Housni Alkhateeb Shehada's Mamluks and Animals: Veterinary Medicine in Medieval Islam is the first comprehensive study of veterinary medicine, its practitioners and its patients in the medieval Islamic world, with special emphasis on the Mamluk period (1250-1517). Based on a large variety of sources, it is a history of a scientific field that is also examined from social and cultural perspectives. Horses, as well as birds of prey used for hawking and falconry, were at the centre of the veterinary literature of that period, but the treatment and cure of other animals was not totally neglected. The Mamluk period is presented here as the time when veterinary medicine reached its pinnacle in medieval Islam and often even surpassed human medicine.
Mamluks and Animals
Paul U. Unschuld, Charité Universitäts-medizin Berlin and Zheng Jinsheng, China Academy of Chinese Medical Sciences, Beijing
The Berlin collections of handwritten Chinese volumes on health and healing from past centuries provide an unprecedented access to the reality of health care as understood and practiced by professional doctors, lay healers, private households, pharmacists, magicians and itinerant healers.
Paul D. Buell and Eugene N. Anderson. With an appendix by Charles Perry.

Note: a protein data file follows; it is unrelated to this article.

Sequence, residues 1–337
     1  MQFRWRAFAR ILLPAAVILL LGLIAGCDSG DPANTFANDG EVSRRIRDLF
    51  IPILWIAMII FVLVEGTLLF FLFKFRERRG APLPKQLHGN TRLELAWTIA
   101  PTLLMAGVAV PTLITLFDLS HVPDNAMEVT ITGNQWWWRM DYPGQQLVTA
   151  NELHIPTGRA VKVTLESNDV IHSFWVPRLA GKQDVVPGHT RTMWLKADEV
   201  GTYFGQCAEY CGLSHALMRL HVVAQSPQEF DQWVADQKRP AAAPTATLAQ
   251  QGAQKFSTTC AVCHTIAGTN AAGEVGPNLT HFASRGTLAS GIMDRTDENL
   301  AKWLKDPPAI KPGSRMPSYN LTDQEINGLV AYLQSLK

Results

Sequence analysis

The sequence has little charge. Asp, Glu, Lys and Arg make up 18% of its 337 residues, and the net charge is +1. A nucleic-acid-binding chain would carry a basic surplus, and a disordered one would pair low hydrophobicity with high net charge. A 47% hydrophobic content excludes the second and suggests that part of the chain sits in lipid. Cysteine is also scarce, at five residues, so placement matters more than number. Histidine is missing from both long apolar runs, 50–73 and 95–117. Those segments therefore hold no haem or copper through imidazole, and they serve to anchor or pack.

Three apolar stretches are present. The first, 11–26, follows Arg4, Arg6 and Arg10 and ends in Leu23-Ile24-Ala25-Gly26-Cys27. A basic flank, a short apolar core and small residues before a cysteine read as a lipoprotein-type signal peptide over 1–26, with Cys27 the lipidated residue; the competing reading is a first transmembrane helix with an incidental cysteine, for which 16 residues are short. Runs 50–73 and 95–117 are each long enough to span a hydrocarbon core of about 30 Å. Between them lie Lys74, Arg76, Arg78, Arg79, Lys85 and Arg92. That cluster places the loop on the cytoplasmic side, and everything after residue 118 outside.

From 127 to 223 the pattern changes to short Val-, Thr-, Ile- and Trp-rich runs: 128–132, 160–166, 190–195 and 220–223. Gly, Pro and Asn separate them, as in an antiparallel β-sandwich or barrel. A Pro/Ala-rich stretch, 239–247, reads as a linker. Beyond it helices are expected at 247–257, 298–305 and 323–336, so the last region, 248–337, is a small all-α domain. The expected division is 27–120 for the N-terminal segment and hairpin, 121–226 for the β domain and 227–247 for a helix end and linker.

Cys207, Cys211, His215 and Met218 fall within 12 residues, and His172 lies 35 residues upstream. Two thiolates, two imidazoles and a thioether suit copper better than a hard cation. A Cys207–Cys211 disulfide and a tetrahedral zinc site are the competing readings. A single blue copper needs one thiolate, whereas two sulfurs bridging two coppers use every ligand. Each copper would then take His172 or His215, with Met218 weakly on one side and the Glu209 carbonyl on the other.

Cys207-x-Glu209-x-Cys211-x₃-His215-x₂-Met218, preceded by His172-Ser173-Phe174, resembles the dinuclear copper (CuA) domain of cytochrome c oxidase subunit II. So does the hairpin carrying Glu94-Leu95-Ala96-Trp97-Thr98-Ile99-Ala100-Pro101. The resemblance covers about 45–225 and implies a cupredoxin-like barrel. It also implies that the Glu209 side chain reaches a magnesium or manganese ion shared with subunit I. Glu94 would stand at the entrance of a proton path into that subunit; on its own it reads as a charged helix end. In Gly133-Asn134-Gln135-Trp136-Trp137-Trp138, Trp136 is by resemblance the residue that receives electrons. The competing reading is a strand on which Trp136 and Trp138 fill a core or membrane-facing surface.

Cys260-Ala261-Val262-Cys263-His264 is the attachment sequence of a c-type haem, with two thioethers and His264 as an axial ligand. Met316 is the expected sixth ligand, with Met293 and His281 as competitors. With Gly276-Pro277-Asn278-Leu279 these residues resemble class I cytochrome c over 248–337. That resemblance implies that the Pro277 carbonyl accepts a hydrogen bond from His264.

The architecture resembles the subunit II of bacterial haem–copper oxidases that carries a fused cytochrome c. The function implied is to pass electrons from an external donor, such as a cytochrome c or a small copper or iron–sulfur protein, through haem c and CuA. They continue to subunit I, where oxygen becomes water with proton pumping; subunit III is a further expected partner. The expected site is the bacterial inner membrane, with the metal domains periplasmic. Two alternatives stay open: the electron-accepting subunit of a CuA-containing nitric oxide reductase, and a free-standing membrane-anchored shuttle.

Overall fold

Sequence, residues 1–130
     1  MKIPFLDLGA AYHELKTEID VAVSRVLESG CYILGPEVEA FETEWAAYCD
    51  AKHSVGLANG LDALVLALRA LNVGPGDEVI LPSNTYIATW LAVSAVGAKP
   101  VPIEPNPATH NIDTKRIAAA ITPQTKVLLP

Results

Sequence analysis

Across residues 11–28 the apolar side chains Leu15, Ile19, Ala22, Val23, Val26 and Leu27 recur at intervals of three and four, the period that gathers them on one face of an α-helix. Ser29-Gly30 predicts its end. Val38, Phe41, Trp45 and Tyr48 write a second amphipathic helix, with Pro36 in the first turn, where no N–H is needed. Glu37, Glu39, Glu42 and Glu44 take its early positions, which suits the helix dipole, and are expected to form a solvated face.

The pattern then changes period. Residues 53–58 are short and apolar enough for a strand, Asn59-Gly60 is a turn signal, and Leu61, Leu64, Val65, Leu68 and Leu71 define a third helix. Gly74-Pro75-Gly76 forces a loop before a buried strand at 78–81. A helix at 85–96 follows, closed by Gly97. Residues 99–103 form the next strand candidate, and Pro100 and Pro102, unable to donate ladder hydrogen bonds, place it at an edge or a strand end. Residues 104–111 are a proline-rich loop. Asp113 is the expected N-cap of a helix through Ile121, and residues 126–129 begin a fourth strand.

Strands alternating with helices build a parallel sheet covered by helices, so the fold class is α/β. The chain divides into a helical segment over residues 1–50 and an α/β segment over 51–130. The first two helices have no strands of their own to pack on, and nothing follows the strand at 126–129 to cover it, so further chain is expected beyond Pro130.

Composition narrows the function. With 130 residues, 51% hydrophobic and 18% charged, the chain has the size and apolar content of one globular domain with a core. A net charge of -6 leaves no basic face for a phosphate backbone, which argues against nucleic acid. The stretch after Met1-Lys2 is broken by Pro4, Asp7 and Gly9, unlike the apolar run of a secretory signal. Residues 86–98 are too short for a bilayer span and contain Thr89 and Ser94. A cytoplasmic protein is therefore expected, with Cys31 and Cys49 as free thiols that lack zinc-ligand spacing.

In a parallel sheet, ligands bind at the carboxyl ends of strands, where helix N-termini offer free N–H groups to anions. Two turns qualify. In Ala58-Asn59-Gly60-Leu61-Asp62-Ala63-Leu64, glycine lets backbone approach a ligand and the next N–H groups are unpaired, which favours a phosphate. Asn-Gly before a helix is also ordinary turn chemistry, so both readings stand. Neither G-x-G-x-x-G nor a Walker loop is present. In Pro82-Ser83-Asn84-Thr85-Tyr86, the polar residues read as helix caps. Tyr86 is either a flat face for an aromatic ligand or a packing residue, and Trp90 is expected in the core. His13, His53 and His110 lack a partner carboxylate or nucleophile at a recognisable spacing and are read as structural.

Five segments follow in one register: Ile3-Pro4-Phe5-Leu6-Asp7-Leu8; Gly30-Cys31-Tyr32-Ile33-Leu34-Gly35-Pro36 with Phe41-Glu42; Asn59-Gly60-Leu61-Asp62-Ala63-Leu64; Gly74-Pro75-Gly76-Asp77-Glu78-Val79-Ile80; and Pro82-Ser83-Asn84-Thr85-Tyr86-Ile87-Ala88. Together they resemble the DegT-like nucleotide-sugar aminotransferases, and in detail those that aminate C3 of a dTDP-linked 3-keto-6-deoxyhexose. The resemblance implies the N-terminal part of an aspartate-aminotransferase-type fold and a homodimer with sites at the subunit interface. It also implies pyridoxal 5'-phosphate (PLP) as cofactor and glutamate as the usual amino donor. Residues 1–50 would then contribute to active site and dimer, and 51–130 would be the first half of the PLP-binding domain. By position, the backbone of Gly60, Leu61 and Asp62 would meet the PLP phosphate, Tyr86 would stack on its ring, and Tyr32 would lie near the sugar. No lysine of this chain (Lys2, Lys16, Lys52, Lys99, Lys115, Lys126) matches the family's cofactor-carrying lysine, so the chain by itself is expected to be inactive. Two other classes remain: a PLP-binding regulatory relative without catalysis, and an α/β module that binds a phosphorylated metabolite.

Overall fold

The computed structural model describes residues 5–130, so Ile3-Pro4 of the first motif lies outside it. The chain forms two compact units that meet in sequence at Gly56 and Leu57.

Leigh Chipman, Hebrew University of Jerusalem
A study of the text and context of Minhāj al-dukkān, a thirteenth-century manual for pharmacists, drawing on pharmaco-medical, legal, historical, biographical, and literary sources to provide a full and nuanced view of a usually invisible profession.
Efraim Lev and Zohar Amar
The authors provide a new insight to the practice of medical care in the medieval world. They examine the medicinal prescriptions and references to materia medica of the Cairo Genizah by combining the approaches of ethnobotany and history of medicine.
This catalogue comprises full descriptions of the Arabic manuscripts which entered the Wellcome collections in 1986. A new type of the catalogue entry makes the book useful for specialists in various fields from conservators to historians of medical ethics.
In this publication, the extensive but cautious use of opium in a variety of remedies by Baghdad physicians in the ninth century shows an amazing awareness of the therapeutic usefulness and potential dangers of the opiate.
This volume provides surprising new insights into the interrelation of medical practice, public health and politics in 19th century Iran, esp. the assimilation of Western medicine into indigenous systems.
Translated, Edited, and with an Introduction by Gary Leiser and Noury Al-Khaledy
The first descriptive guide to the important Wellcome collection of manuscripts containing texts on Sanskrit scientific manuscripts, covering well over a thousand manuscripts.
Kenneth G. Zysk
Conjugal Love in India is a study of traditional Hindu ideas about love in the domestic abode. The work includes the texts, translations, and notes of the two principal Sanskrit treatises on the subject, Ratiśāstra and Ratiramaôa, along with an introduction.
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